The Capital Allocation Guide for CEOs

CEO Allocating Capital

Too many CEOs don't understand capital allocation. They rose up through the sales or operations ranks, and now that they are at the top they have to wing it with respect to one of the most important aspects of running the business. Don’t get me wrong – there are some amazing capital allocators among CEOs. However, in my two decades of investing experience I have come to believe that they are a small minority. The rest have never learned capital allocation from first principles, and instead rely on a combination of conventional “wisdom” and advisors with questionable motivations. The purpose of this guide is to try to change this to help improve capital allocation across the corporate world.


The Purpose of Capital Allocation

The two goals of capital allocation are:

  1. To provide for the safe ongoing operation of the business

  2. The optimize the long-term intrinsic value per share of the company’s stock in a legal and ethical way

If you disagree that these are the two goals, think about what stock ownership is. It is a way to spread ownership of large businesses across a large number of smaller investors. Businesses get access to capital they wouldn’t otherwise have. Investors get access to investment opportunities they wouldn’t otherwise have. However, don’t forget that it is still ownership.

And it is the manager’s job to act in the long-term best interest of the owners.

Imagine you own a small business and you decide that rather than running it yourself you want to hire a CEO to do it for you. You still own the business. The CEO is getting paid by you to make sure that your business is worth as much as possible, as long as that is accomplished in a legal and ethical way.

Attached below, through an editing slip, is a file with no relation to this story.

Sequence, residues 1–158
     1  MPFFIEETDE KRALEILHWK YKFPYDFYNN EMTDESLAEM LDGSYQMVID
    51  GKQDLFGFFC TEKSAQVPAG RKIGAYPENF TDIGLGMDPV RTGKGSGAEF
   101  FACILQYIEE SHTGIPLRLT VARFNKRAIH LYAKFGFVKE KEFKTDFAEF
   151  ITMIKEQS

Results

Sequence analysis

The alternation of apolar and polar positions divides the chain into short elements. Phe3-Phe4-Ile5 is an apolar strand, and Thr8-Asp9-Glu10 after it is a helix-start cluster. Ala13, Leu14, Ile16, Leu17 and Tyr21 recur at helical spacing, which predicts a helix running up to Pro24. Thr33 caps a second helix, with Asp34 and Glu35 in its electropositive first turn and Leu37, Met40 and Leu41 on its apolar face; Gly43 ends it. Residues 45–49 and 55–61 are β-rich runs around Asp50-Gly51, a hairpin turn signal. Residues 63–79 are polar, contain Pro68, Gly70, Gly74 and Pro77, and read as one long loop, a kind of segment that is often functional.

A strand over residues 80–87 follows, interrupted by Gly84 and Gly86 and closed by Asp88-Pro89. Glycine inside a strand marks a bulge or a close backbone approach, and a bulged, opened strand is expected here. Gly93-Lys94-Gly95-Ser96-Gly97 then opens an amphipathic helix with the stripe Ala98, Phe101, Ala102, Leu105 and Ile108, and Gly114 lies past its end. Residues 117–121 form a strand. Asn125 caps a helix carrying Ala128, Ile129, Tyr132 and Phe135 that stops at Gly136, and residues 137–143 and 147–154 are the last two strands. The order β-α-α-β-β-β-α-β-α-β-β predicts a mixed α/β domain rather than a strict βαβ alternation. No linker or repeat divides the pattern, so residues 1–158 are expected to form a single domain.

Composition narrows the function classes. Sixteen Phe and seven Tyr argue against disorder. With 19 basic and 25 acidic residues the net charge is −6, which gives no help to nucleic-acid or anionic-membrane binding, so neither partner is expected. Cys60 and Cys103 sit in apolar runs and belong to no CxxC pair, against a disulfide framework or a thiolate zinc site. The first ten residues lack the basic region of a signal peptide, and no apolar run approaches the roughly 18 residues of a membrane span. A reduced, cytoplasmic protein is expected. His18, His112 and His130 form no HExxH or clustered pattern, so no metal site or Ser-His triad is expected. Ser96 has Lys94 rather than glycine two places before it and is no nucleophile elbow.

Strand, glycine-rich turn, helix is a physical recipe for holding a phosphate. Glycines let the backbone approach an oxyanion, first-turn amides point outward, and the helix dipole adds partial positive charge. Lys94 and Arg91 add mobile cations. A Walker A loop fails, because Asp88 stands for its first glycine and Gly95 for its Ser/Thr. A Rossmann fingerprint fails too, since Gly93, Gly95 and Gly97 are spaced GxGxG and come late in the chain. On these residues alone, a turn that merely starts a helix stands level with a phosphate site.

Incidentally, a lot of things that people who have a problem with this view point out as problems, really aren’t. For example, it is usually in the best interest of the business owner to treat her employees well and to pay them more than the bare minimum. It’s a concept that is called efficiency wage – it increases employee productivity and reduces the company’s costs of looking for new employees. Dumping toxic waste that poisons people into a river would not be ethical, even if it were for some reason legal.

So we don’t need to deviate from the above definition and start taking strides in the direction of socialism in order to solve for most issues that people find problematic with the free market. It’s a false dichotomy to frame the choice as one between a brutal “Gordon Gecko”-style capitalism and a touchy-feely, politically correct “stakeholder capitalism.” Properly defined and understood, capitalism will do just fine under most circumstances.

Back to our hypothetical scenario. Imagine that your CEO comes to you, as the business owner of a private company, and starts telling you some story about how he purposefully lowered the value of your investment because he read some article about stakeholder capitalism and decided to get very generous with your money. Many of you would fire them on the spot, and you would be right. There is plenty of room for generosity and giving in life, and these are values that I hold to be very important. However, it should be done with your own money, not someone else’s.